Quality Control with Handheld Raman

Feb. 1, 2016
Ensuring compliance for raw material identification is easily within reach

Raw material identification (RMID) is a critical step for ensuring compliance with Good Manufacturing Processes (GMPs) and safeguarding the quality of pharmaceutical products. Increasingly strict regulatory requirements for RMID mean that pharmaceutical manufacturers are under increasing pressure to improve the efficiency of their RMID workflow while also achieving lower costs per analysis.

Traditional lab-based techniques for RMID can be time consuming, costly and do not support the rapid identification of incoming materials. Handheld Raman spectroscopy is increasingly recognized as an effective technique for RMID thanks to its specificity, speed and ease of use. However, devices with traditional excitation wavelength lasers, such as 532nm or 785nm, are affected by fluorescence interference which limits their ability to detect certain materials. The implementation of handheld Raman utilizing a 1064nm excitation wavelength laser removes the barriers to effective RMID while achieving ROI.

RMID is essential to verifying whether a substance is what it should be to prevent quality issues further down the line. Incorrect formulation, contamination, mislabeled containers and counterfeit materials can result in products being “out of specification,” which can severely damage brand reputation. Ultimately, if these materials are not promptly identified and rejected, this can lead to additional costs due to material waste, re-processed work, time delays or product recalls. Effective and timely RMID helps to improve the quality of pharmaceutical products by identifying these out-of-specification materials before they enter the manufacturing process.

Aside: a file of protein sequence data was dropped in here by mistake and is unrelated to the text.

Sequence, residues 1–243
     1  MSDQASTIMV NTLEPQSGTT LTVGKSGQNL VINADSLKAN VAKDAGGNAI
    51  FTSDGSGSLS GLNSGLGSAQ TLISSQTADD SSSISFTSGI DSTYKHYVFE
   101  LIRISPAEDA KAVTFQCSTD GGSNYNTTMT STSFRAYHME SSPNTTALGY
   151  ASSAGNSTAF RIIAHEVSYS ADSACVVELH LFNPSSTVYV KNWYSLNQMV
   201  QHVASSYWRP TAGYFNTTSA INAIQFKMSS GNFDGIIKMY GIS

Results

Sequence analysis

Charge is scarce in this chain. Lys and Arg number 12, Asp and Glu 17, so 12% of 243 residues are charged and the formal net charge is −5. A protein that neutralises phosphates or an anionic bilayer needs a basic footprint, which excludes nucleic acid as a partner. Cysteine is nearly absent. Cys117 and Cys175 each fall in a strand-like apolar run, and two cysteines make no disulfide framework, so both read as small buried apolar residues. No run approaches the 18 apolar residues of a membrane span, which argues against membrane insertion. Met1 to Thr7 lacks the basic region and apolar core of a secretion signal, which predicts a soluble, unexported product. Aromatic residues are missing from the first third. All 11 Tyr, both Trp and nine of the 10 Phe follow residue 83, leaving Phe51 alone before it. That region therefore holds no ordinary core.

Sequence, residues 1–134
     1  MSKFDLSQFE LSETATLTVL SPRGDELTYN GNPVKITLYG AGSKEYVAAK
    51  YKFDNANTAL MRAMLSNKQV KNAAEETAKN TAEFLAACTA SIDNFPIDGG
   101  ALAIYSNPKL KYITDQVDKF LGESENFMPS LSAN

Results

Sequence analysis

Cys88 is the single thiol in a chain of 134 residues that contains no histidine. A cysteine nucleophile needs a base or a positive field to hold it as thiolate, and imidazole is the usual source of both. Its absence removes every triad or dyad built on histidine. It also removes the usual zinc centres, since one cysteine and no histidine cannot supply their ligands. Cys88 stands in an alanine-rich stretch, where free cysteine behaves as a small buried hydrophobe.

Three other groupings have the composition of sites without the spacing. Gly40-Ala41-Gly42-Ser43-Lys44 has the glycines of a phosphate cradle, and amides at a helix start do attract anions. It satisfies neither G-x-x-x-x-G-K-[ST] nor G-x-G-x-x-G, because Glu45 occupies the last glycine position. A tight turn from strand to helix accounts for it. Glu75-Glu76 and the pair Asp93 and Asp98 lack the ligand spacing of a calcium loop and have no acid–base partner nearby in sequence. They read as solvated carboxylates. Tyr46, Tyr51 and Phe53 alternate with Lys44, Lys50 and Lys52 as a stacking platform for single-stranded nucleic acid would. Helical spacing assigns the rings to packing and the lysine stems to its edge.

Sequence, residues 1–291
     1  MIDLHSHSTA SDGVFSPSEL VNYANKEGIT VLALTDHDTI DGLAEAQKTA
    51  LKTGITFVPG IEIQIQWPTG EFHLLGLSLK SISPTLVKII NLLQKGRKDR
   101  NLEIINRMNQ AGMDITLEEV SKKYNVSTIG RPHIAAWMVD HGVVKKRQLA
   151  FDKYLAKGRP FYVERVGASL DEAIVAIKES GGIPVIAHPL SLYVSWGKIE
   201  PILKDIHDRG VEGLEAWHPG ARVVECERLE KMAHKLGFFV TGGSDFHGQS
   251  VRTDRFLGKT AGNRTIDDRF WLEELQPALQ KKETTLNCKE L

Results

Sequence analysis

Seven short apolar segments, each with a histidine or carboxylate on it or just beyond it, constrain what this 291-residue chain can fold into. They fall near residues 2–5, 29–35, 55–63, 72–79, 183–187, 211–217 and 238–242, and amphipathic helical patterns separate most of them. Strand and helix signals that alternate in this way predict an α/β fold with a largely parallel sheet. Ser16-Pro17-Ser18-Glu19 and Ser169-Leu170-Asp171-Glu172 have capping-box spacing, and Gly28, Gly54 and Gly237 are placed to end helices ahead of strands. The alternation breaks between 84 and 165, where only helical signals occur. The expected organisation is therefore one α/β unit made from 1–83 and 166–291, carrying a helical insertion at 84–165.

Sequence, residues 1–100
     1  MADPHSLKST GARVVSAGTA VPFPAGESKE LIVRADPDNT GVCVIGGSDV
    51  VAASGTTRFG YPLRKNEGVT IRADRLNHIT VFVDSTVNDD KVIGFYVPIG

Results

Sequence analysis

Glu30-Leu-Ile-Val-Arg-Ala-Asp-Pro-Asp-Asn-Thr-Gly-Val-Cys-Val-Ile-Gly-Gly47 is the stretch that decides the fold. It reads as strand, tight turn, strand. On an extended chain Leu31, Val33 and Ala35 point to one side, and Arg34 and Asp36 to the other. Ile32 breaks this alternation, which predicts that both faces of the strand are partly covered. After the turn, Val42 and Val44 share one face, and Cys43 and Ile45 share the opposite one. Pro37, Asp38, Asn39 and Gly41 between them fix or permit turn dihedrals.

Figure 1: Raman spectroscopy is an established vibrational technique that works by first exciting a sample with a laser. This results in a Raman spectrum, which contains a series of peaks that relate to features in the sample’s molecular structure.

The traditional RMID workflow involves a number of stages before materials can be passed through for manufacturing. In order to perform comprehensive qualitative and quantitative analysis of materials, the majority of techniques used for RMID require containers to be opened to obtain a sample, which introduces the risk of contaminating the material. While the majority of pharmaceutical manufacturers now perform RMID on-site, the analytical techniques commonly used for RMID are not optimized to analyze raw materials on the warehouse floor or in the clean room. HPLC, GC and FTIR are among the commonly used techniques for RMID, and although they deliver powerful analysis, they need to be operated by highly skilled users. This could be considered a waste of a valuable resource when all that is initially required is a simple PASS/FAIL analysis.

The well known saying that “time is money” is certainly applicable to RMID. Raw materials are held in a quarantine area while waiting for verification, which takes up valuable warehouse space as well as causing delays in the manufacturing process. In the drive to achieve lean manufacturing processes it’s clear that there are elements of the traditional RMID workflow that are not optimized to deliver speed, efficiency and cost savings.

Another factor is the wide variety of materials that now require analysis, which are difficult to analyze using existing handheld Raman devices. Materials such as Polysorbate 20, cell culture media, gelatin and Xantum gum are susceptible to fluorescence when being analyzed by handheld Raman analyzers a 532nm or 785nm excitation laser. Fluorescence interference prevents the successful chemical identification and analysis of these materials which is a cause of frustration for QA/QC managers attempting to verify them quickly.